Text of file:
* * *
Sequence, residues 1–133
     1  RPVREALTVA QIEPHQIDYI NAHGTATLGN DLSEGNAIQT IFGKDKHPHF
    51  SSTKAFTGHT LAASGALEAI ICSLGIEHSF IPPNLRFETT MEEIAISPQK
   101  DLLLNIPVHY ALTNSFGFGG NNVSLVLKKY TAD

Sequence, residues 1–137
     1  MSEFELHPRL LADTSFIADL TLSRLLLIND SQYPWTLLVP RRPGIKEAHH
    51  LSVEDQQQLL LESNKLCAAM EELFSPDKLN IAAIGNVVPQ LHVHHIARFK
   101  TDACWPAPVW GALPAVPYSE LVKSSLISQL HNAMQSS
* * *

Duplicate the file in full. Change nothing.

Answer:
Sequence, residues 1–133
     1  RPVREALTVA QIEPHQIDYI NAHGTATLGN DLSEGNAIQT IFGKDKHPHF
    51  SSTKAFTGHT LAASGALEAI ICSLGIEHSF IPPNLRFETT MEEIAISPQK
   101  DLLLNIPVHY ALTNSFGFGG NNVSLVLKKY TAD

Sequence, residues 1–137
     1  MSEFELHPRL LADTSFIADL TLSRLLLIND SQYPWTLLVP RRPGIKEAHH
    51  LSVEDQQQLL LESNKLCAAM EELFSPDKLN IAAIGNVVPQ LHVHHIARFK
   101  TDACWPAPVW GALPAVPYSE LVKSSLISQL HNAMQSS